As governments and countries unite against the novel coronavirus, successive infections in Egypt have increased disputes. The most public dispute is what happened between the Al-Azhar Foundation, the largest religious institution in the country, and the Ministry of Endowments (Awqaf), which controls mosques in Egypt. Al-Azhar Al-Sharif issued a statement that included a fatwa permitting the closure of mosques and preventing Friday prayers and congregational prayers. Al-Azhar was not able to issue that in a decision, because it does not have the ability to do so, because the Ministry of Awqaf has control over the mosques. But the relationship between Al-Azhar and the Ministry of Awqaf is tense and the Egyptian government, including the Ministry of Awqaf, was not making tough decisions in the fight against coronavirus that is causing panic among the people. After less than a week Al-Azhar made a bold decision separately from the Awfaq Ministry to suspend Friday prayers and group prayers in Al-Azhar Mosque in order to prevent the spread of coronavirus. That decision came because the Al-Azhar Foundation was in control of Al-Azhar Mosque. In the wake of that decision, the Egyptian Ministry of Religious Endowments was forced to temporarily stop group and Friday prayers in all mosques.
The Egyptian regime has often accused the Al-Azhar Foundation of being a rigid, traditional religious institution, impeding the process of religious progress, as have the pro-regime media. But Al-Azhar has appeared in the corona crisis as a more advanced institution than the Egyptian regime, and the government and the Awqaf Ministry have lately tried to catch up with Al-Azhar. Al-Azhar embarrassed the Awqaf Ministry, which seemed hesitant and unable to make a decision, while Al-Azhar seemed ready to take the appropriate decision without waiting for the government.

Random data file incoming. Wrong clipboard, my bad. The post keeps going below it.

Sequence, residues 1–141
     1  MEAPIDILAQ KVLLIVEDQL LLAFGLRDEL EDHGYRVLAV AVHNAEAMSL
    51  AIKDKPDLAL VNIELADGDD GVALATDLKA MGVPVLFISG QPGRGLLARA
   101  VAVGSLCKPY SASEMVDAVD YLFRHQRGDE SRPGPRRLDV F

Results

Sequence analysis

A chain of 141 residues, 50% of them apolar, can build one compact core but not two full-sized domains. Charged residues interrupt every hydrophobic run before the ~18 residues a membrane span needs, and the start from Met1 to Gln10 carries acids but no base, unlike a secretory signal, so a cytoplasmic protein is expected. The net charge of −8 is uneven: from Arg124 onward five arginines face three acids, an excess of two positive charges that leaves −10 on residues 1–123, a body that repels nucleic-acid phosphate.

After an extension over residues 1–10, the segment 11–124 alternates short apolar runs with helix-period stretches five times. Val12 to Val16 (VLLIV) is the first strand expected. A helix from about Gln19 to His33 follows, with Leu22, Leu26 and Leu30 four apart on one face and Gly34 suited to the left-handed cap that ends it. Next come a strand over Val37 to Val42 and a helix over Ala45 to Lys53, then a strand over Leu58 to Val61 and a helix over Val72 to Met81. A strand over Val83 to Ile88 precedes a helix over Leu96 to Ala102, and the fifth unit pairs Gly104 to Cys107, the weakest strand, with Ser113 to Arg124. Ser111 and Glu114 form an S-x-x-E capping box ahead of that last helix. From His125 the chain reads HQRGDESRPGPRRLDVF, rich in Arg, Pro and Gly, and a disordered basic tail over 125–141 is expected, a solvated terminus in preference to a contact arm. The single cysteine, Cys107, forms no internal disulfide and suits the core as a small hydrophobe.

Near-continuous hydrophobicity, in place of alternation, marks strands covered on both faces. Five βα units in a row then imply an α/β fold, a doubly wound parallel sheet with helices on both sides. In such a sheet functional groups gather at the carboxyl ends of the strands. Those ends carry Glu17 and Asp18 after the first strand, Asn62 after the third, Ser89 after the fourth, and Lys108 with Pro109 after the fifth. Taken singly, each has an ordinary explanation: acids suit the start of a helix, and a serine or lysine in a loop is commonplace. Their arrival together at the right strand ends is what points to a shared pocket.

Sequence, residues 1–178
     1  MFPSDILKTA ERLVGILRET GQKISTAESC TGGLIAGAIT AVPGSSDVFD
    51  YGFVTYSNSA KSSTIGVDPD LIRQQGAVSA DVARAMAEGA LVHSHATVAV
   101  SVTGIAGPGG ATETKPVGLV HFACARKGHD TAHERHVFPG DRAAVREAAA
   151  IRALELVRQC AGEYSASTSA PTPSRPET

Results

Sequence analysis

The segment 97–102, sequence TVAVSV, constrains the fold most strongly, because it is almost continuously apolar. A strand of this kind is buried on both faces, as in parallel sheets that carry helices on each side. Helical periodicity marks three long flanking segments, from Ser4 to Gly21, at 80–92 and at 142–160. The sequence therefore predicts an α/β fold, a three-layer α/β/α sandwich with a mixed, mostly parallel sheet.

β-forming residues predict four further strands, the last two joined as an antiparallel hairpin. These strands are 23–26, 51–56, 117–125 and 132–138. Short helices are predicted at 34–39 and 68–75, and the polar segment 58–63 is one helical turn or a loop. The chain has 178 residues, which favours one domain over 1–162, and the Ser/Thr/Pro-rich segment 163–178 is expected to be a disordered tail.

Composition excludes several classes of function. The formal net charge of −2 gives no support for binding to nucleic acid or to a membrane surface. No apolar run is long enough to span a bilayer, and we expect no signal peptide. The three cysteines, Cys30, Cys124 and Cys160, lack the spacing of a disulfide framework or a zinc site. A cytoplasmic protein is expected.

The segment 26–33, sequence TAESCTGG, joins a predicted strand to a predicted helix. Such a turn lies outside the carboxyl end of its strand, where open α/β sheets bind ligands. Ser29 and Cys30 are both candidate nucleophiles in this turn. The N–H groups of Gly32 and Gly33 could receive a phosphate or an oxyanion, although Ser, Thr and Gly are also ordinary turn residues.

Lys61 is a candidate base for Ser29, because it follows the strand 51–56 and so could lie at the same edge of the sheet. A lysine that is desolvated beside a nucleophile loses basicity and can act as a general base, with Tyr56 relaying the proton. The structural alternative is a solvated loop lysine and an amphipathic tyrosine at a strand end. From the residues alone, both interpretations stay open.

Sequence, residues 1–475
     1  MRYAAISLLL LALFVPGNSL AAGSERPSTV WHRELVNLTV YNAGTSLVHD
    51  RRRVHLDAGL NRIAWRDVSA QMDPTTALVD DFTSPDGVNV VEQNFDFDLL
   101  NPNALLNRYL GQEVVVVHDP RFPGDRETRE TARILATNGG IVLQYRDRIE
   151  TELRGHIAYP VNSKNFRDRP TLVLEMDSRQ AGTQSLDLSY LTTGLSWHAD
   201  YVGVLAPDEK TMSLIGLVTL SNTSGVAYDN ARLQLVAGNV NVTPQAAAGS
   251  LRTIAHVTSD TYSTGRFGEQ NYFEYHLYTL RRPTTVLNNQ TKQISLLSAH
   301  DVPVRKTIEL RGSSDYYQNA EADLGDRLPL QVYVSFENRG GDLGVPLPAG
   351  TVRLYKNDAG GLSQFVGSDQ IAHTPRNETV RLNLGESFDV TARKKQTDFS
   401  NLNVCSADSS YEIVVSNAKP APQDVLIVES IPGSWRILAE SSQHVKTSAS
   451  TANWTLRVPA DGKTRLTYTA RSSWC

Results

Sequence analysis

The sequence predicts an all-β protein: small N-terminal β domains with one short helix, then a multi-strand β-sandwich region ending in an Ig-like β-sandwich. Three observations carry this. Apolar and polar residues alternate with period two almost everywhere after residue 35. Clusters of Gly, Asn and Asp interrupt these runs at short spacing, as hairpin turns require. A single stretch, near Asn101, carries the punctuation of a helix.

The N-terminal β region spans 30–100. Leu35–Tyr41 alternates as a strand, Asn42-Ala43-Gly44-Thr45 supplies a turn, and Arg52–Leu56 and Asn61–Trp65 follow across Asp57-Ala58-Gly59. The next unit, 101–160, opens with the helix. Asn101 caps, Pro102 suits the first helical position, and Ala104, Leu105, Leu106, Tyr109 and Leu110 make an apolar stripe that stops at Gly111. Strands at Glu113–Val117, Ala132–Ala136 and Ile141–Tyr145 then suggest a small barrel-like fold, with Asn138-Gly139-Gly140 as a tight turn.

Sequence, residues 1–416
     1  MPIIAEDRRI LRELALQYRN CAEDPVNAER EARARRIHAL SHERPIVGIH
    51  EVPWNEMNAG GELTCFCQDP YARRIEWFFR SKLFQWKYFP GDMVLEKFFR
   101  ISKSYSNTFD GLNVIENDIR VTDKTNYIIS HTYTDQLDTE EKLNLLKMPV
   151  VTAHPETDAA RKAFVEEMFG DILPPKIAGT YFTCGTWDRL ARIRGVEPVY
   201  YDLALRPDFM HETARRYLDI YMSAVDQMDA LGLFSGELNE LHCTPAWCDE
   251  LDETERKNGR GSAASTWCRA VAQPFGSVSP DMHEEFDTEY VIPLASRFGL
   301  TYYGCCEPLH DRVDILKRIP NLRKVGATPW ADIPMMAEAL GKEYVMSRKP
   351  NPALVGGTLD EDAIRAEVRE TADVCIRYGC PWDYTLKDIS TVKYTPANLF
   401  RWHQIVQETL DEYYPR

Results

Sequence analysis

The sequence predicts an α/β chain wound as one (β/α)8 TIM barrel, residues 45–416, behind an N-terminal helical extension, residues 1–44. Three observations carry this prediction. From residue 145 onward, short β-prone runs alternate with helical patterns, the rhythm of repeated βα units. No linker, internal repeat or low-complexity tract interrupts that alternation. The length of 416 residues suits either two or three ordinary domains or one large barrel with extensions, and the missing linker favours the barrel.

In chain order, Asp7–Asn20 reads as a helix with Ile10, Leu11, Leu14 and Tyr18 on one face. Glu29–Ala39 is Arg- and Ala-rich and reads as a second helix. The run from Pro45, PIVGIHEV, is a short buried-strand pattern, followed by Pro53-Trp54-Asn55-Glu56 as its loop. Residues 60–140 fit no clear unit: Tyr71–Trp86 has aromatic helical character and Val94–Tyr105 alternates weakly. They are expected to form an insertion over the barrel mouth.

Egyptian sources told Egypt Watch that there is another dispute within the wings of the Egyptian government regarding the measures that must be taken to confront coronavirus. The Egyptian General Intelligence Service (GIS) has called for rigid measures, including imposing a partial curfew, banning gatherings, stopping air traffic, and closing schools. The Egyptian government opposed these decisions, and held off for a long time on taking strong action that lead to the collapse of investment and tourism. But the GIS submitted a report to the Egyptian president which took decisions to implement the recommendations of the General Intelligence, albeit very late after the spread of the virus. Sources within the Egyptian regime said that the GIS criticised several ministries in the government for its poor performance in implementing decisions to confront coronavirus. Among those ministries that were criticised by the GIS was the Egyptian Ministry of Interior. The GIS said that they slackened in implementing the decision to close cafes and other gathering places from seven in the evening until six in the morning, and not to implement the decision at all in some areas in Upper Egypt. GIS sees that the pro-regime media did not play its role in educating people, nor did they effectively pave the way for curfews or preventing gatherings, especially in popular areas that so far seem difficult to control. GIS has begun to explicitly suggest that the Egyptian army should prepare for an emergency plan in light of the government’s inability to act effectively to counter the virus.
On Saturday, military equipment belonging to the Chemical War Force was deployed in some areas of Greater Cairo in an unprecedented scene that some citizens believed was the beginning of the curfew. Military tanks and armoured vehicles were also deployed in small numbers in both Nasr City and Heliopolis around the military facilities of the central region and near densely populated areas. Military equipment also appeared in the cities of Sheikh Zayed and October in Giza, near the pyramids and on the roads leading to Cairo from the north-east and west, the South West Road and the Fayoum Road.